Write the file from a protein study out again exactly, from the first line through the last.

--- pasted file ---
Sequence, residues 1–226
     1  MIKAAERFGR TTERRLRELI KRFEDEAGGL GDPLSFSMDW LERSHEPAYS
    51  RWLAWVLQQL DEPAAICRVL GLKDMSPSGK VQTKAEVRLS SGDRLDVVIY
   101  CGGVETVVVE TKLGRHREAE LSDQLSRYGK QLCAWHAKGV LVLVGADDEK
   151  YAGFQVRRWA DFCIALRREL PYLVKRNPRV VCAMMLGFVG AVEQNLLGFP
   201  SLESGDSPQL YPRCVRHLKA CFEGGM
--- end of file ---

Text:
Sequence, residues 1–226
     1  MIKAAERFGR TTERRLRELI KRFEDEAGGL GDPLSFSMDW LERSHEPAYS
    51  RWLAWVLQQL DEPAAICRVL GLKDMSPSGK VQTKAEVRLS SGDRLDVVIY
   101  CGGVETVVVE TKLGRHREAE LSDQLSRYGK QLCAWHAKGV LVLVGADDEK
   151  YAGFQVRRWA DFCIALRREL PYLVKRNPRV VCAMMLGFVG AVEQNLLGFP
   201  SLESGDSPQL YPRCVRHLKA CFEGGM